My new life
Njomza Iseni is 10 years old. A fragile, earnest-looking little girl with mousy brown hair and a sallow complexion, she hasn't been to school for two months. On March 21, 15 soldiers with guns knocked on her family's door in the town of Viti in Kosovo and ordered them to get out. "Either you leave now or we will kill you all," they shouted.
"The children were crying and screaming, because they didn't know where they were going," says Njomza's mother, Sala. "They were terrified," she adds, and demonstrates with her arm how the children shook with fear. But Sala and her husband Afrim had been prepared. For three months, they and their five children, aged 15 months to 10 years, had been expecting the Serbs to arrive at the door. Every night they slept with their clothes on, and a bag lay ready packed.
When Njomza left she was wearing three pairs of pyjamas under her blue jeans and a warm winter jacket. Her mother knew how cold it would be in the mountains.
Sala is 32 and her husband 30. Both walk with a bad limp, because one leg is much shorter than the other. In Kosovo they lived on a disability allowance in the equivalent of a two-bedroom council flat. She completed her schooling but never worked. He used to work with what she described through the interpreter as "an agricultural company".
When they came down from their first floor flat to the street, the Iseni family joined a queue of 500 people, old and young, men, women and children. Those who had tried to take their tractors and cars were ordered to leave them behind.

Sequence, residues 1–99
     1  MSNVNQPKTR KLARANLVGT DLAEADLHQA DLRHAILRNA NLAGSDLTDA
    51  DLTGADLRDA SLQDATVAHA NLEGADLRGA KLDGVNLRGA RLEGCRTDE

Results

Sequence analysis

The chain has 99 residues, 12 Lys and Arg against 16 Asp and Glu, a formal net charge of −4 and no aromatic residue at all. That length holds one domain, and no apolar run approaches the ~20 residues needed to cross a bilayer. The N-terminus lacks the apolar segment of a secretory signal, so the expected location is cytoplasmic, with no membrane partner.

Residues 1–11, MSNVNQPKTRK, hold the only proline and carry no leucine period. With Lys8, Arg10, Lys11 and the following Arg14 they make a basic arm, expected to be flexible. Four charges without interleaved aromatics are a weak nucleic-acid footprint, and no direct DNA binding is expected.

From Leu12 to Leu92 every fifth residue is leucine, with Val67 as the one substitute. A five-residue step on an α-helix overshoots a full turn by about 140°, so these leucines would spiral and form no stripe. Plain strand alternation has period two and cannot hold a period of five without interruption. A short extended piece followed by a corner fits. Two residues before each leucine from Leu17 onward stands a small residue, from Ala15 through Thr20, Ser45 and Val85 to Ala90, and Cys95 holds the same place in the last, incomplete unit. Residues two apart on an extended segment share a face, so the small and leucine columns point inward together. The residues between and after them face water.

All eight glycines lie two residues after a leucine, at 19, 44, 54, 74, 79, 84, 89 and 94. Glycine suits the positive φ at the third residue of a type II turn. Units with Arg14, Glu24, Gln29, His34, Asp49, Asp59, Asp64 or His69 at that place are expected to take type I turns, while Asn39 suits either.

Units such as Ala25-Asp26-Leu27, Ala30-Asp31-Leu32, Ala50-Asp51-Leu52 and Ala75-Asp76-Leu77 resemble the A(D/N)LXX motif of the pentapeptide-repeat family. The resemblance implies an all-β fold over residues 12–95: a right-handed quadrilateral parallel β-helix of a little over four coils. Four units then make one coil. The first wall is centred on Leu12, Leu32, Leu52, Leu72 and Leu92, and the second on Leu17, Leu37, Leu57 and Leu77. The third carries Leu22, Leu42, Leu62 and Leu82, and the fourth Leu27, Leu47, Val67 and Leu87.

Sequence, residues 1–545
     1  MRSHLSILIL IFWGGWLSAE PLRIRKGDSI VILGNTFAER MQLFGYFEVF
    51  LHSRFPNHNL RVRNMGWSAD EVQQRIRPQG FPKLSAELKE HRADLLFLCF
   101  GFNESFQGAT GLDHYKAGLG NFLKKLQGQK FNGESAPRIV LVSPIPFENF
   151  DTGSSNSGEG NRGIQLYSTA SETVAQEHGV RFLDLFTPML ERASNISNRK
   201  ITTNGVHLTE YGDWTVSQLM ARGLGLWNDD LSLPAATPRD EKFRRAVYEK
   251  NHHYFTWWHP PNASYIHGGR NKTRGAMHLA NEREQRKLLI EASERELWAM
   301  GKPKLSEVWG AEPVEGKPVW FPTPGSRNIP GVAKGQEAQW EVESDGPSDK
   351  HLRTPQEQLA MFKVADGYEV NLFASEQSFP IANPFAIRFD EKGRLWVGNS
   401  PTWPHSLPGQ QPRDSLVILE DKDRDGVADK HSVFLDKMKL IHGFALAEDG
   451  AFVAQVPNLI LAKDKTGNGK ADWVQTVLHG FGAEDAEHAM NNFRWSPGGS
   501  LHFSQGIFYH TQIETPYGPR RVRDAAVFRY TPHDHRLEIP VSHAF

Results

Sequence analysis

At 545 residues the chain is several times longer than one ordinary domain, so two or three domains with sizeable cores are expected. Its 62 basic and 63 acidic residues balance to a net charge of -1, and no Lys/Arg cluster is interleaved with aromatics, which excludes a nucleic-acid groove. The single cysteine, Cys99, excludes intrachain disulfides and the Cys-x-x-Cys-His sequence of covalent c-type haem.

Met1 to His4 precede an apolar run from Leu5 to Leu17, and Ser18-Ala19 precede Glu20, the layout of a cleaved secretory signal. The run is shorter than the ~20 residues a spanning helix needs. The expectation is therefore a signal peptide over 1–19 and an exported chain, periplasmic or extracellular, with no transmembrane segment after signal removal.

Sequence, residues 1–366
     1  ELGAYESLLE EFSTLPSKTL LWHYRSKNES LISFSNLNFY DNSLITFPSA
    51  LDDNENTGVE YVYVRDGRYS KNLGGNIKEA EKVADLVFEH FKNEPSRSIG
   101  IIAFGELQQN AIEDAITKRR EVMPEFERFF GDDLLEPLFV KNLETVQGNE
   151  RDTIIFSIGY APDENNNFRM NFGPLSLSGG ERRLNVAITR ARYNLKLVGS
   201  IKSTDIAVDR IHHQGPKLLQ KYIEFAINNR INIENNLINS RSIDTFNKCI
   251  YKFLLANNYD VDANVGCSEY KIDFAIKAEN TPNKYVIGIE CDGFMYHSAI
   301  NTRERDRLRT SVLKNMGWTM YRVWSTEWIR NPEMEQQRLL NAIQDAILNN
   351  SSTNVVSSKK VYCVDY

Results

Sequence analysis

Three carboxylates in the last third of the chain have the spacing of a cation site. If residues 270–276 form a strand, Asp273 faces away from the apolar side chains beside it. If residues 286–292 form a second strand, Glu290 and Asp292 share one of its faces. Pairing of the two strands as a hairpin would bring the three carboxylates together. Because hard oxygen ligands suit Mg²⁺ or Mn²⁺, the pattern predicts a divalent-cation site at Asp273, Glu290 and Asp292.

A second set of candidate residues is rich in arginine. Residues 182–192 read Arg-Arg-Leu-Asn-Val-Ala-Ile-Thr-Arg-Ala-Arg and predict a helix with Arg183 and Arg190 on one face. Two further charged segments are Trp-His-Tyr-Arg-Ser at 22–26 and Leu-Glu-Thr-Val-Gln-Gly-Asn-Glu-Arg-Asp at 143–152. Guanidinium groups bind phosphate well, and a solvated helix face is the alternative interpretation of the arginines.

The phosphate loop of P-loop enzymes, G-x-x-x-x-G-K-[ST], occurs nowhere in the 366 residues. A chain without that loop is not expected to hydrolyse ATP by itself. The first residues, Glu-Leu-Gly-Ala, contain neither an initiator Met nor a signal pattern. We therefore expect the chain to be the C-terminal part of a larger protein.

Together, they walked for three hours without a break, Sala and Afrim carrying their 15-month old baby Laura and their bag, the four older children aged 10, eight, seven and four, staying close behind.
On the bitter, cold trek through the mountains, the little ones "behaved beautifully", says Sala. Though Njomza was in pain with her feet, and her seven-year old brother Milot was "very, very ill" with a burning fever and asthma, they kept going. Soldiers escorted them on either side of the single track.
There were no incidents on the journey, though the soldiers watched all the time for guerrillas. And every so often a group with chalk crosses marked on their backs, who were supposed to be shot, would be taken away. "Some returned. Others didn't," says Sala.
After three hours the exodus from Kosovo was complete. By the time the Isenis arrived at the Macedonian camp, Stankovasz 2, there were, says Sala, 480 people in front of them and another 1,000 behind. Five doctors immediately attended to Milot.
"Conditions in the camp were very bad. It was cold and the rain was so heavy that the mud came up to here," says Sala, drawing a line below her knee with her hand. "But there were no bullets, no guns. So peace.
"We had shelters, but had to sleep on the ground with just a blanket below us and another on top." The French Red Cross gave them tins, bread, milk, cold food. The children were unable to get out to play much, because of the rain. But they were given toys to play with, and classes were set up two days before the family left - "free activity, songs, poetry".
The one moment of great happiness for Sala was discovering her family in the camp. Her mother, father, two brothers and two sisters had left Kosovo three months earlier, but she had no idea where they had gone. She doesn't know where they are now, but thinks they may be transferred to Albania.
At this point, the little woman who has answered so many questions with such fortitude had to stop. Her large brown eyes filled with tears and she could not go on. For a few moments there was a brief glimpse of the emotion pent up inside her, and presumably in all the family. I moved the conversation on. How did they like Scotland? Were the children looking forward to going to school on Monday? Sala beamed. "Oh, yes! Everything is perfect. We are very, very happy. I want to say thank you to everybody."